Thursday, September 12, 2013
I recently attended the 2013 Goldschmidt conference in
Florence Italy. This is the largest geochemistry conference
in the world. It migrates between Europe
and North America every year, with occasional
forays into the Asia-Pacific region. It
is a big conference, with attendance in the mid thousands.
Unlike workshops, symposia, and little topical conferences, big conferences serve more as social and professional networking events than scientific problem solving sessions.
Senior scientists present the direction of their big projects.
Grad students show what they are capable of.
Junior scientists make sure they get widely known enough to pass their tenure review.
For young scientists looking for their next career move, it is important to meet people in their field. Having been asked for advice on this topic, I thought I’d present the basics:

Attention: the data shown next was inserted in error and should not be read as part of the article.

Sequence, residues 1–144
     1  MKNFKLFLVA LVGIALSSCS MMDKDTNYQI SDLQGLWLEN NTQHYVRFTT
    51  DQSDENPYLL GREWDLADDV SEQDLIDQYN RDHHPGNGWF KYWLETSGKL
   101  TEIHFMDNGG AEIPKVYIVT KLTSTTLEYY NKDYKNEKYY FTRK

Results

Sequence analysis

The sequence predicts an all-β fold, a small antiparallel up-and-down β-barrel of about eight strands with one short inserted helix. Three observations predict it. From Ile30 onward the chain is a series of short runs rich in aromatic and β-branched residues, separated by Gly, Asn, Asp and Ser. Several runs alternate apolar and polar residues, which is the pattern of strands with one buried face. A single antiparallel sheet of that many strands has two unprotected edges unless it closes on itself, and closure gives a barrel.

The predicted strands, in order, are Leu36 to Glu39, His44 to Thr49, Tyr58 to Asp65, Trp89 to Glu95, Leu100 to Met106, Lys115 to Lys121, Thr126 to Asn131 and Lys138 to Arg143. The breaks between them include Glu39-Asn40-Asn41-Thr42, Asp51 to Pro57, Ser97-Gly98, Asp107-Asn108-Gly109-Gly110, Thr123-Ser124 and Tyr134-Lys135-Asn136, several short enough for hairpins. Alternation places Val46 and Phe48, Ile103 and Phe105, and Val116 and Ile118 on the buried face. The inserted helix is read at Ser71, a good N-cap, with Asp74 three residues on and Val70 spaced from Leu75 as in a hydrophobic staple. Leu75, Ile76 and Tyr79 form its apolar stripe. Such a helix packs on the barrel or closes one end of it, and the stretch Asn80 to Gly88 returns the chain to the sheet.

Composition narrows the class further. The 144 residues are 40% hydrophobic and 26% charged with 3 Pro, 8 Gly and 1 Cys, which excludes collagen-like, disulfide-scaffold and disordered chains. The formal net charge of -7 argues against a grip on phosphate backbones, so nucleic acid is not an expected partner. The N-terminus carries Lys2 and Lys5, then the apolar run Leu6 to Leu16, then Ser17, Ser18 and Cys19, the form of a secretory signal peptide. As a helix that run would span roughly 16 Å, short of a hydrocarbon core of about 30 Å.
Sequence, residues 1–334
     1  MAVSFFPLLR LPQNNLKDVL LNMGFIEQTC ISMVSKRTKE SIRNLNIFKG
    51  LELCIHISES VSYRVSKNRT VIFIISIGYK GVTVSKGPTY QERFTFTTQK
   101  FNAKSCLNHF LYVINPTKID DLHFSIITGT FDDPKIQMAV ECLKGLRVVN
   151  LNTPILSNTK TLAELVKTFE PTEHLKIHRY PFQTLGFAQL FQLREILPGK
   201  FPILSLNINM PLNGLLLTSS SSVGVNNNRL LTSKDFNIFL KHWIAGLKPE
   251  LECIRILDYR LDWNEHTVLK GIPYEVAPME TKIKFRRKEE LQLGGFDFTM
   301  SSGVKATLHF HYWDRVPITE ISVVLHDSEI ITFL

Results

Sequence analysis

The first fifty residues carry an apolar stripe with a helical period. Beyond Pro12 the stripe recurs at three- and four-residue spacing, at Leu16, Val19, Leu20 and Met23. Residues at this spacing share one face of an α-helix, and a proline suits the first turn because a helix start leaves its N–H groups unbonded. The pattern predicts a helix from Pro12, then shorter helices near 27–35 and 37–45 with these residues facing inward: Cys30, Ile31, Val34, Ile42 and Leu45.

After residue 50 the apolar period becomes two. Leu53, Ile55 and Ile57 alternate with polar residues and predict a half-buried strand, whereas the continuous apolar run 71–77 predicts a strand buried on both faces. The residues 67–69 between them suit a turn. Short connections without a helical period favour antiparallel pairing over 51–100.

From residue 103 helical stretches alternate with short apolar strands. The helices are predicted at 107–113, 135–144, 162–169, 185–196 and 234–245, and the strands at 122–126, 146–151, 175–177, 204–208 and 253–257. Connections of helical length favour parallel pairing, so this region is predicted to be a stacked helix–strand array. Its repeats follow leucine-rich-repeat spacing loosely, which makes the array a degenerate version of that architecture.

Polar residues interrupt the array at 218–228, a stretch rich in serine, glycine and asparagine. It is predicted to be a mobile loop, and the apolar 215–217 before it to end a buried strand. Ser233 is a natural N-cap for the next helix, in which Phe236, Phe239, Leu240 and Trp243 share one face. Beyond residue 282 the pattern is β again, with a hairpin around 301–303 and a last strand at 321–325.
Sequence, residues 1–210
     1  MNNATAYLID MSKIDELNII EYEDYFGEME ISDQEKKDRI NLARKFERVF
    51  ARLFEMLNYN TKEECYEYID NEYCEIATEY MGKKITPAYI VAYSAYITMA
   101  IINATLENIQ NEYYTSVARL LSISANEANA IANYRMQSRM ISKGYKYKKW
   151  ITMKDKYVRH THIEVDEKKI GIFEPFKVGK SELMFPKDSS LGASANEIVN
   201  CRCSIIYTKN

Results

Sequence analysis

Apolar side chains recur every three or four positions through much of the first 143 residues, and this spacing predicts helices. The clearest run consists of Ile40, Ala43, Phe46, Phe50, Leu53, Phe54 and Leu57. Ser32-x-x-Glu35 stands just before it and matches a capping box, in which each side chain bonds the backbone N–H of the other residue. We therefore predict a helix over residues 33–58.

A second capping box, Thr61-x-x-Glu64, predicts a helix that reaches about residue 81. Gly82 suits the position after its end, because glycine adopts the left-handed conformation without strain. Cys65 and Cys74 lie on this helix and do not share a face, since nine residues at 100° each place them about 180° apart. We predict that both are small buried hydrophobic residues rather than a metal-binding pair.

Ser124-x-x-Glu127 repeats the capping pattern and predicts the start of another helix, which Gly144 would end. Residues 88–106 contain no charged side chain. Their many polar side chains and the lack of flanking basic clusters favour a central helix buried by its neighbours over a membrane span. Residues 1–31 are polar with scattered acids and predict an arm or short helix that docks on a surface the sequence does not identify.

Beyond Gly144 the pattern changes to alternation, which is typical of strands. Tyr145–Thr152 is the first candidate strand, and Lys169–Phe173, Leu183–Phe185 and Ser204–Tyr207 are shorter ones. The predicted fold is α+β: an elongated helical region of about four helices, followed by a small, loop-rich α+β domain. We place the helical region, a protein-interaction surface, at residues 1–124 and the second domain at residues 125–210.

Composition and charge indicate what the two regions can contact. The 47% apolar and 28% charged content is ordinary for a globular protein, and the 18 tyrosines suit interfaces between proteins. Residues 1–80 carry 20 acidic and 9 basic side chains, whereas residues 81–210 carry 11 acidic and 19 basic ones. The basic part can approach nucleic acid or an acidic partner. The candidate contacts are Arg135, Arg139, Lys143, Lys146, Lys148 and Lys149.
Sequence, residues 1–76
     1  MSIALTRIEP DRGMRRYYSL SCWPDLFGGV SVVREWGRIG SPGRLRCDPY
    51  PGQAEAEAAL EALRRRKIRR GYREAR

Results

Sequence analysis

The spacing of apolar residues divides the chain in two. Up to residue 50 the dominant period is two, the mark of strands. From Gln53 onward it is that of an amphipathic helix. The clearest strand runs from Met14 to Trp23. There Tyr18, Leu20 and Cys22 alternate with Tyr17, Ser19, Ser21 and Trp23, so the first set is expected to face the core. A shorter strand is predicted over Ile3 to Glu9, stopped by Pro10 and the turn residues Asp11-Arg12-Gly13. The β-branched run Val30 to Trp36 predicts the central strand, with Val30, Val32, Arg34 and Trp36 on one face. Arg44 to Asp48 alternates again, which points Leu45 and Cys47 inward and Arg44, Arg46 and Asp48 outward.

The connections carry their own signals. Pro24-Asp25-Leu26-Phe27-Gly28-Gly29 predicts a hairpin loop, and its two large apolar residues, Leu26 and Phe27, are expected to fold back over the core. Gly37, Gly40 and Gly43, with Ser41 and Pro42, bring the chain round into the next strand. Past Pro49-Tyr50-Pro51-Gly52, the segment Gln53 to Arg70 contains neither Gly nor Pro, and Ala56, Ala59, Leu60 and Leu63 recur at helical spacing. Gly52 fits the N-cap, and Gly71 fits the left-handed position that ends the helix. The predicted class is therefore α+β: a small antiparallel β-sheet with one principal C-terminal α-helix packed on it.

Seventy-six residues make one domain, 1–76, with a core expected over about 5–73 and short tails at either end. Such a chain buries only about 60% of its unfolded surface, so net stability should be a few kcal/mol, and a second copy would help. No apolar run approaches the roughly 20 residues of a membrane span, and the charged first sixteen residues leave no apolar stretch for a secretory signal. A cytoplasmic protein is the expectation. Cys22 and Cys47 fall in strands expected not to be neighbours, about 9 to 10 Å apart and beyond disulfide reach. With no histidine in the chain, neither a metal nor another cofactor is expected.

It is important to match those names that block out half a page of your thesis references with a face. These people will probably evaluate your proposals, work with you or your colleagues, and review your papers.
The best way to do this is just to introduce yourself.
Try not to be nervous. Or at least strive to be nervous gracefully. And if you are nervous, don’t cover it up by trying too hard to show how smart you are.
The basic point is that if you see the name of a paper you like on a nametag, say hello. Let the person know you liked their work. There are very few scientists who don’t like being told that their research is interesting and useful. Tell them you’re basing your work on theirs, and you’ll have them at “citation”